Is fire extinguisher training required by an OSHA regulation or is it just a best (recommended) practice?
Fire extinguisher training is required by OSHA regulation. 1910.157(g)(1)+(2): "[…W]here the employer has provided Portable Fire Extinguishers for employee use in the workplace, the employer shall also provide an educational program to familiarize employees with the general principles of fire extinguisher use and the hazards involved with incipient state fire fighting. The employer shall provide the education required in the paragraph [of this section] upon initial employment and at least annually thereafter."
How do I know if we have enough fire extinguishers?
The general guidelines recommend placing fire extinguishers no more than 75 ft (22.9 m) of travel distance away from Class "A" hazards (trash, wood, paper, or other combustible materials) and no more than 50 ft (15.2 m) away from Class "B" hazards (flammable or combustible liquids).
How often does OSHA require fire extinguishers to be inspected?
OSHA states that "the employer shall be responsible for the inspection, maintenance, and testing of all portable fire extinguishers in the workplace", according to 1910.157(e)(1). All portable fire extinguishers should be visually inspected—at minimum—every 30 days. They should be inspected more frequently when circumstances require. Furthermore, they shall be subject to an annual maintenance check, the date of which the employer must record (and retain the record for one year until the last entry or the life of the shell).
Does OSHA require all employees to be trained on fire extinguisher use?
Yes. The employer must provide an education program to ensure that all employees are familiar with the general principles of fire extinguisher use and the hazards of firefighting. More specifically, the employer can also designate employees to be part of an emergency action plan and therefore must train them to use the firefighting equipment. Both of these types of training must be provided annually by the employer.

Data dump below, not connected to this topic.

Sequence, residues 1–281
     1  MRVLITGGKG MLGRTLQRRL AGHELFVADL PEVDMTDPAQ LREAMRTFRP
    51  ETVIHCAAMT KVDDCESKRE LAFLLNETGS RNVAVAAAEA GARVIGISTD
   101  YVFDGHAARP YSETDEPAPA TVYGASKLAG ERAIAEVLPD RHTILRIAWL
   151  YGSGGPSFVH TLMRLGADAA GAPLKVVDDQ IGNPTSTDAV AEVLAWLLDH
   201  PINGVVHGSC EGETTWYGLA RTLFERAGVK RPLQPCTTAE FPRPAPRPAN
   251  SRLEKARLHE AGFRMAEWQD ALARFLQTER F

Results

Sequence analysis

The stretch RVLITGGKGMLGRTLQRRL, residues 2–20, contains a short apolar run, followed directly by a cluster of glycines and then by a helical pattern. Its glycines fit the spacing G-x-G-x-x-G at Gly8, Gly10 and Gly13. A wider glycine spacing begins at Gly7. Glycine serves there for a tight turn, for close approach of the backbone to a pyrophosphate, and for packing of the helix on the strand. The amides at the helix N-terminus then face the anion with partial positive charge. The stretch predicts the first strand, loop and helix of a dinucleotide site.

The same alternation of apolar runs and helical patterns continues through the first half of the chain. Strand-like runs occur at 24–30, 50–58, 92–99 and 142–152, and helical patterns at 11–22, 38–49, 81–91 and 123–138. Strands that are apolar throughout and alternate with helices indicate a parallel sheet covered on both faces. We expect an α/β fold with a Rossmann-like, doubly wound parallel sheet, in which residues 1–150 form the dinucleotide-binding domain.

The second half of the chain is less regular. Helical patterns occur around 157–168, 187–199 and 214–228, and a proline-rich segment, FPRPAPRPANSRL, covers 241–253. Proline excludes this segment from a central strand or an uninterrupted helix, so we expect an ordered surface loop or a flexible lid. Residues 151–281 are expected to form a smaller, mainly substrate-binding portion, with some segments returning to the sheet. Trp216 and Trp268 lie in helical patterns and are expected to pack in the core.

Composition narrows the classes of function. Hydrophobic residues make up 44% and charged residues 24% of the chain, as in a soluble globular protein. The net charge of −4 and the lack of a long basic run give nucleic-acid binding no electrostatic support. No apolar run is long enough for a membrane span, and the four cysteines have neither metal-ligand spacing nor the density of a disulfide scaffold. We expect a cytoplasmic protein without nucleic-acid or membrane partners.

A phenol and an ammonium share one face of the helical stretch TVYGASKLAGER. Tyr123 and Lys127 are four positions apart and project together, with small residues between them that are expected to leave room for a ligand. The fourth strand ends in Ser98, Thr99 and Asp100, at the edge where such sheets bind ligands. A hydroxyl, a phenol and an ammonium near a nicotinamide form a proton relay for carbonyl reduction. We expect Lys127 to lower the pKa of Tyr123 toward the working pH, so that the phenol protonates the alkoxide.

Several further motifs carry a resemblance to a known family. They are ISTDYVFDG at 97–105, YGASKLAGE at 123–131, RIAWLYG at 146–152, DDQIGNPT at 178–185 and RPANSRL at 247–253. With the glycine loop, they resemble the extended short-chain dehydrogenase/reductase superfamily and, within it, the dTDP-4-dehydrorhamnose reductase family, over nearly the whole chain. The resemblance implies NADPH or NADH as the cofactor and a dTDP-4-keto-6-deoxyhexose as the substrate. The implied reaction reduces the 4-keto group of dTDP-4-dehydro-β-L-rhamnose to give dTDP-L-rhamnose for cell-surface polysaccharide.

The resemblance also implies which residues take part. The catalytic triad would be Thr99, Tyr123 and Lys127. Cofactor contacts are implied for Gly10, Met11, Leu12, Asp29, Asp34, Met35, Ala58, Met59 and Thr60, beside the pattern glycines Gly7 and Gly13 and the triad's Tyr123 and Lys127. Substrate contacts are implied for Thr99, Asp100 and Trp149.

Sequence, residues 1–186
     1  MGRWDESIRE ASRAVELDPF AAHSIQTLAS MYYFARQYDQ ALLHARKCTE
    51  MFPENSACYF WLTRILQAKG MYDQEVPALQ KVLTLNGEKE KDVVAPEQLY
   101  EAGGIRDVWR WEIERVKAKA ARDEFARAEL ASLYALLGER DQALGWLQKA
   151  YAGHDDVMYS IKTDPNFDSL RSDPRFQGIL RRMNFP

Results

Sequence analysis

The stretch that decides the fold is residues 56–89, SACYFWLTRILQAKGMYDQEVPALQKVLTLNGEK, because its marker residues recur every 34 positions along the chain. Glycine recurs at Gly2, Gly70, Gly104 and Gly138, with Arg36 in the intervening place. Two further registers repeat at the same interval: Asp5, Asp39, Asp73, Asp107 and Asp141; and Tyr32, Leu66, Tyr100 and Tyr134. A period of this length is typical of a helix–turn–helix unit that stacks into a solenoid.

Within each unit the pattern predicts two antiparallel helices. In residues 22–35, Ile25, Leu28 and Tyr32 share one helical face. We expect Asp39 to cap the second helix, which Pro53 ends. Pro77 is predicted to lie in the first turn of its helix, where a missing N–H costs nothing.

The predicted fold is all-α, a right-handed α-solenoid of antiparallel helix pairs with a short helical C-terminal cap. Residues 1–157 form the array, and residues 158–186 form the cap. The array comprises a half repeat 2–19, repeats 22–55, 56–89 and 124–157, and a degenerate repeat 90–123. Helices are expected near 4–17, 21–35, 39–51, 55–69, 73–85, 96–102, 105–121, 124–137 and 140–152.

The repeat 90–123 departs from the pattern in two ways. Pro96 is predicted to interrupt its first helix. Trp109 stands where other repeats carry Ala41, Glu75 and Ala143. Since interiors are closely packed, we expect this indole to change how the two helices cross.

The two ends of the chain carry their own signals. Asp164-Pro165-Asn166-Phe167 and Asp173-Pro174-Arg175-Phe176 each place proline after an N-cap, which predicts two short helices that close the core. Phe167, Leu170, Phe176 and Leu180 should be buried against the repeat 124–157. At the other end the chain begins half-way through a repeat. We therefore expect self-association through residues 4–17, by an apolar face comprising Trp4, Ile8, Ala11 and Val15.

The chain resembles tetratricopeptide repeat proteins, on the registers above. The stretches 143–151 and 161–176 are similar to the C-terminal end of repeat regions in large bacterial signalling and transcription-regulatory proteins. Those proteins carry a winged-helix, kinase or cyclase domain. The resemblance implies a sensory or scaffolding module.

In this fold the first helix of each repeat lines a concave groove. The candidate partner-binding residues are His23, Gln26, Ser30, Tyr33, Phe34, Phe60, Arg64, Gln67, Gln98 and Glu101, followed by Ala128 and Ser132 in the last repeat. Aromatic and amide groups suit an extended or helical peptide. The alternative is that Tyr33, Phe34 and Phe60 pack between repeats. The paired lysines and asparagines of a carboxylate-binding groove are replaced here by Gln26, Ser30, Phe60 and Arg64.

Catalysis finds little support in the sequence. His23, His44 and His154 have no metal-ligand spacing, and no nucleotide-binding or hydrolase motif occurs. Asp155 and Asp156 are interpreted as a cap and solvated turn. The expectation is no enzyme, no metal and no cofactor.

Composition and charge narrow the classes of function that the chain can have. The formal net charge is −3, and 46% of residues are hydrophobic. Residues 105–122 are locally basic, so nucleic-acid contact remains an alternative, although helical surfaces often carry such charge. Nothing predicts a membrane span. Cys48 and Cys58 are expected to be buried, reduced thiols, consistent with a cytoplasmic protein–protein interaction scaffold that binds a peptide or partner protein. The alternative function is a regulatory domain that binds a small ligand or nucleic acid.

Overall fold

Does OSHA require all workplaces to have fire extinguishers?
No, but the workplaces must present a suitable alternative. Employers are generally required by 29 CFR 1910 to provide portable fire extinguishing equipment in order to fight incipient stage fires. However, employers who do not want to expose any of their employees to the risk of fighting an incipient stage fire can opt for the evacuation of their employees to a safe area, provided that the employer evacuates all employees to safety once a fire does occur. OSHA does provide further alternatives, but these must still comply with certain requirements depending on the option chosen by the employer.
At what height does OSHA say fire extinguishers are to be mounted?
It doesn’t. OSHA isn’t picky about height, but it firmly states that you must: "mount, locate, and identify [fire extinguishers] so that they are readily accessible to employees without subjecting the employees to possible injury", according to 1910.157(c)(1).
DVD cost effectively trains and retrains an unlimited amount of employees.
No trainer required, just pop in and play.
Video content keeps trainees engaged.
Very convenient, multiple employees don’t need to be pulled off the floor at once for a training session.
Includes both video content and an interactive quiz element to keep workers engaged.
More engaging than traditional training formats.
Can be customized to fit a companies specific work environment and equipment.
The only training option that can cover the "hands on" and "evaluation" portions of the training in addition to the "classroom" portion of the training.
Can be difficult to pull multiple workers off the floor at once to watch the video.
The DVD can get lost or scratched.
DVD can only train workers at a single location.
Due to the per person pricing format, it’s expensive for large companies that need to train hundreds or thousands of employees.
By far the most expensive training medium.
Administering refresher training as well as initial training for new employees can be a logistical nightmare.
NOTE: All information provided on this site is provided for information purposes only. It is not intended as legal or compliance advice and does not represent advice with regard to specific practices or undertakings. Compliance and Safety shall not be responsible for any damages including direct, indirect, special, punitive, incidental, exemplary, consequential damages, lost revenues, lost profits, damage to or loss of products, loss of data, or any claims or damages whatsoever, arising out of or in connection with your use of this web site or any linked external sites.